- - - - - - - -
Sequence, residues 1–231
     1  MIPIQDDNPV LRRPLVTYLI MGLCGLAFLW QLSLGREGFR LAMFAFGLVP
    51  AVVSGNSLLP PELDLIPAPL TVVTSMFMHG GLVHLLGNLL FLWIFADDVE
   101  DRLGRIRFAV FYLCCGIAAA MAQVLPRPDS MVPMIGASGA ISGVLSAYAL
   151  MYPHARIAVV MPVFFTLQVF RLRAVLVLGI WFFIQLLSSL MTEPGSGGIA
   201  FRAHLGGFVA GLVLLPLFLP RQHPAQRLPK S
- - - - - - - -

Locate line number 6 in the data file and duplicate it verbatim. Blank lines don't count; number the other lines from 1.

   201  FRAHLGGFVA GLVLLPLFLP RQHPAQRLPK S